In Ciro Guerra and Cristina Gallego’s “Birds of Passage” we get it all: gringos, grease guns and greed. Think the “Godfather’s” Corleone family in Northern Colombia.
For Sicilians we get the Wayuu, an enormous tribe with all the bells and whistles of a Brooklyn mob family in simpler clothes and family rituals, omertà like codes of honor and respect (no one can kill a word messenger).
For enemies we get the “alejunas,” which is pretty much everyone else.
The film starts with a weird courtship dance that is more bullfight choreography than dance, in the village square with armed men and boys watching from pickup trucks, and lining up to perform a prehistoric ballet with a young woman named Zaida (Natalia Reyes) in a billowing Scarlett abaya.
Winner, I presume, takes all.
Our principal player Rapayet (Jose Acosta), who wins his wife in this opening dance, is a quiet, respectable son who wants nothing but the best for his family. He is tall and handsome and very ambitious.
Rapayet senses the changes in the country, and sees opportunities in them.
Zaida’s Mama Ursula is the “Godmother” here who controls her family and surrounding village with a steely cold glance when things don’t go the way of the spirits. She slides around the village and its occupants in big, colorful, native garments and sandals, carrying with her everywhere the feared Wayuu talisman, a chunk of something mysterious wrapped in tamale leaves and a red velvet bag. 
Ursula is part witch, part priestess, who respects the past, but sports a huge gold Rolex on her right wrist. Where she got such a modern talisman is never explained.
At first it seems that we’re being sucked into a documentary about a jungle world of birds of color and sun drenched insects. It’s much more than that. This is rich tapestry of omens and dreams in which the creatures and Ursula play a part. 
The fields and forests of this place are rich in the magic crops of marijuana, and before long the 21st century rears its ugly head.
The gringos, a pack of Tom Cruise-types, arrive in their brand new colorful Cessnas, with bags of money and offers the Wayuus and other tribes can’t refuse.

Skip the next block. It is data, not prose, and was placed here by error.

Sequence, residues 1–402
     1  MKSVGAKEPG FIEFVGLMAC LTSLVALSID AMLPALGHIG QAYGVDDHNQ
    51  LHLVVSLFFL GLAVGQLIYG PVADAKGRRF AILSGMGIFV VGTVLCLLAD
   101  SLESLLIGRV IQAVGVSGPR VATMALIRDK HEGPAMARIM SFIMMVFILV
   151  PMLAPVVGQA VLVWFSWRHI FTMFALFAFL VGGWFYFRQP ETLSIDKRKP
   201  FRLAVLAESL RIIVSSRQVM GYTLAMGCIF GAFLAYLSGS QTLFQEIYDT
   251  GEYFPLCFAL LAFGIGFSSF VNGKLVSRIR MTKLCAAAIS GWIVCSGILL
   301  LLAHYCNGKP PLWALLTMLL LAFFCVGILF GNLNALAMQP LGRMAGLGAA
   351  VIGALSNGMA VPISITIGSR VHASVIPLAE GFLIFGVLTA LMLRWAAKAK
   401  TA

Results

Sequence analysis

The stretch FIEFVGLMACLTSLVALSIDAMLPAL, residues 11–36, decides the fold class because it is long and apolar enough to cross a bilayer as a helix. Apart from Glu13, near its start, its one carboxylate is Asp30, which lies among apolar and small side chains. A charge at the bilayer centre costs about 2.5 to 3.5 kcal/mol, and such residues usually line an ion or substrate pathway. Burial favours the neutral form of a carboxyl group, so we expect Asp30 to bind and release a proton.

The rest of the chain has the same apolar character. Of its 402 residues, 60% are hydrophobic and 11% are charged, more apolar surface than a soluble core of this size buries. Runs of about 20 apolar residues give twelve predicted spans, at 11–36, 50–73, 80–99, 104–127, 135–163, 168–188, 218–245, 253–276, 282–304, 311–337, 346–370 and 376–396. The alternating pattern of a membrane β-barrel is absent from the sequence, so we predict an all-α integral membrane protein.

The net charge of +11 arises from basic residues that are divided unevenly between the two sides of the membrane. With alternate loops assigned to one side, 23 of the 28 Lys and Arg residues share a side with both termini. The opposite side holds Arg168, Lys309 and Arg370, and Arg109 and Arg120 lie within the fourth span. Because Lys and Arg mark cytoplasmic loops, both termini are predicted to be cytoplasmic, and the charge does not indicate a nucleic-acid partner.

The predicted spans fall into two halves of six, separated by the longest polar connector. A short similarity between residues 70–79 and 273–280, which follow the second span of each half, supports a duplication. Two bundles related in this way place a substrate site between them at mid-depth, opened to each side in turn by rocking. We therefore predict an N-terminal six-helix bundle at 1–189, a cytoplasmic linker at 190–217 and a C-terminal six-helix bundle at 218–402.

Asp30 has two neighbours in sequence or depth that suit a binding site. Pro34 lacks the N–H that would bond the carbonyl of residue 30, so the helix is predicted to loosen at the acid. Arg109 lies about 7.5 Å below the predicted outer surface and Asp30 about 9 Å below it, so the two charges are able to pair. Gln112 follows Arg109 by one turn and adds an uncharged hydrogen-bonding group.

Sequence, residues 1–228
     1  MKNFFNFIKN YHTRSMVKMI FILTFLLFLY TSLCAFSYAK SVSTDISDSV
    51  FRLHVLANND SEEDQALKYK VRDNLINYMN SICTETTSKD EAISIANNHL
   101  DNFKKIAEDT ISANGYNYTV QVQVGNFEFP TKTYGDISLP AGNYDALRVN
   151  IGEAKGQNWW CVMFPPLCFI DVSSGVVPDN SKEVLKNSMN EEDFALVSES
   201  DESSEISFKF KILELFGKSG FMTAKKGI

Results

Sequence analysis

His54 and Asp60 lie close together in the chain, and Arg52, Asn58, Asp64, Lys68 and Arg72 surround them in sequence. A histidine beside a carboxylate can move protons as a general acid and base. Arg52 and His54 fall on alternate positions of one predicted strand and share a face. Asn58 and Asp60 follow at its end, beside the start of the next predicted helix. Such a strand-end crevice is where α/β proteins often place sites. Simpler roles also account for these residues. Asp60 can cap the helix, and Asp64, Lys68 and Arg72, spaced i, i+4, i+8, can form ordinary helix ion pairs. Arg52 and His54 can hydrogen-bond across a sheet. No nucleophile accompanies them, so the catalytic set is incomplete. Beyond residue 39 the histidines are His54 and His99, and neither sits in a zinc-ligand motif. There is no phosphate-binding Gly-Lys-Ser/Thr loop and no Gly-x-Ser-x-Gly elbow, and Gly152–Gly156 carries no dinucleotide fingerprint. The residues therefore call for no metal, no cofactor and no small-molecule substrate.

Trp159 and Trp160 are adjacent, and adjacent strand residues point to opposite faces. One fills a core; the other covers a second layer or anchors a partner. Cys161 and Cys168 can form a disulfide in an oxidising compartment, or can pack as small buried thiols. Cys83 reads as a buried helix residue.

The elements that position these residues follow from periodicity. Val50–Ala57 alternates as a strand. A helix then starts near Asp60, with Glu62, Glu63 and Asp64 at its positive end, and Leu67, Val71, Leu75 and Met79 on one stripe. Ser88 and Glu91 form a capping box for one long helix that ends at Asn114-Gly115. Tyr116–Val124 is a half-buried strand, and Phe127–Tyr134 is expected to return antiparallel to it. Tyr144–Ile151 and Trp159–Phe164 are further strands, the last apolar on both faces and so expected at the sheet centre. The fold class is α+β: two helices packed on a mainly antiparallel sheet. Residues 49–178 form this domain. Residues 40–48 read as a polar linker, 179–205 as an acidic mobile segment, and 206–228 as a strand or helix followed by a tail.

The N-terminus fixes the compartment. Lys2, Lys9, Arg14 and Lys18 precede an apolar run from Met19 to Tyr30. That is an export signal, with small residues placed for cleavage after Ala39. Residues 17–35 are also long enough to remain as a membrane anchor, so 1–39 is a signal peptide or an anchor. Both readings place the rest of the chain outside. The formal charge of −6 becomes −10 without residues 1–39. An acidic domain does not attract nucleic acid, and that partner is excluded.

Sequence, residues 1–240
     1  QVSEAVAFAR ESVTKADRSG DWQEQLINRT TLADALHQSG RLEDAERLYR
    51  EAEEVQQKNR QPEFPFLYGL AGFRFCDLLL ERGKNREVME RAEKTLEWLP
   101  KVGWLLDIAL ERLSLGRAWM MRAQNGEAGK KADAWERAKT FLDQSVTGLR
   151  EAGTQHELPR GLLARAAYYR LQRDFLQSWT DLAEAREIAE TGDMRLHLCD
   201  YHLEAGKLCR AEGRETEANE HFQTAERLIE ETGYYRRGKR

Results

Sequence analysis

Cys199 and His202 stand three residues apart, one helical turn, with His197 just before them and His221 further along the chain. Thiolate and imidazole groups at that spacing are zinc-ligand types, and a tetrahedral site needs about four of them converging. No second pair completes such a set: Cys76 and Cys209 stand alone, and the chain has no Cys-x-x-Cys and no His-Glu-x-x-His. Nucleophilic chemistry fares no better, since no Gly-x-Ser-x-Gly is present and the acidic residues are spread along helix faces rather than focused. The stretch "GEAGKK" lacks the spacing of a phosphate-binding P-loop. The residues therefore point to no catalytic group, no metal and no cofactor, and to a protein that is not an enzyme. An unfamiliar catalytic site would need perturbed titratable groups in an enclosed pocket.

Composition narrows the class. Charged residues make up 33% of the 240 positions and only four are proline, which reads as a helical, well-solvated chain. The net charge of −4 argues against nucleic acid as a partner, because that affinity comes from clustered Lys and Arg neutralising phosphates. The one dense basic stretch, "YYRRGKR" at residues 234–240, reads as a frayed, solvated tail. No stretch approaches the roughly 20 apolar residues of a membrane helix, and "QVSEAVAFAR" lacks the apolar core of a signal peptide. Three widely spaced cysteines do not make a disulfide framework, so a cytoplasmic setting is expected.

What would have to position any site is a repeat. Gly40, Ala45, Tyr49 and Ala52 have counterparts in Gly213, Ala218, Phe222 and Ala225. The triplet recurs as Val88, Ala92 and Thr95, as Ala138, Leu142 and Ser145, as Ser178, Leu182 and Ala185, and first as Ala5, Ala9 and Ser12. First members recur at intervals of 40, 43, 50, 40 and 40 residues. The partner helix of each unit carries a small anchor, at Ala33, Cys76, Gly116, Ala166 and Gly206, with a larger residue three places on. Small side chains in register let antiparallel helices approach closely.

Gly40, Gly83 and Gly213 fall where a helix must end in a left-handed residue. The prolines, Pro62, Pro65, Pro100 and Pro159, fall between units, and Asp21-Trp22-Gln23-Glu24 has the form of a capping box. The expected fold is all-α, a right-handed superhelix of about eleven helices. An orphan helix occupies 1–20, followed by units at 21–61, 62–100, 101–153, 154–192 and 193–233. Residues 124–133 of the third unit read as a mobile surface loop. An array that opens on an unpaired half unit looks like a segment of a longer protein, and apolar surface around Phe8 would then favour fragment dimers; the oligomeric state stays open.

It’s 1967, and the air is full of the smell of weed and money and strange blue-colored booze. 
Soon boxes of American guns arrive and are stored in what used to be the crypts of the long dead.
Rapayet has won his Zaida in that dusty dance, and soon creates what will become the family business. Watch Ursula carefully. She is Don Corleone in sandals and a gold Rolex, and that talisman she totes around still carries powerful weight among her people.
Before the 203 minutes of this incredibly vivid film come to an explosively violent conclusion, Wayuus will become the Corleones, with a grandson who eerily echos the temper of big brother “Sonny.”
With bigger Cessnas and trucks full of drugs blossoming like desert flowers, everything changes.
A modern mansion appears in the bleak landscape, much like “Bick Benedict’s” stately home in “Giant,” and each life will be altered forever.
The finale will be as expected, bloody and violent.
Guerra and Gallego’s mastery of their story that is sliced into five chapters, each with a song title, never weakens. They create the coming social storm with subtle clouds and warm whispers that explode into the hot winds of war.
All the actors, a blend of pros and amateurs, comport themselves splendidly, but it is Colombian actor Natalia Reyes who sports the richest resume and is famous in her country for her film and television work. Reyes is a 2011 graduate of The Lee Strasberg Theatre and Film institute.

J.P. Devine, of Waterville, is a former stage and screen actor.

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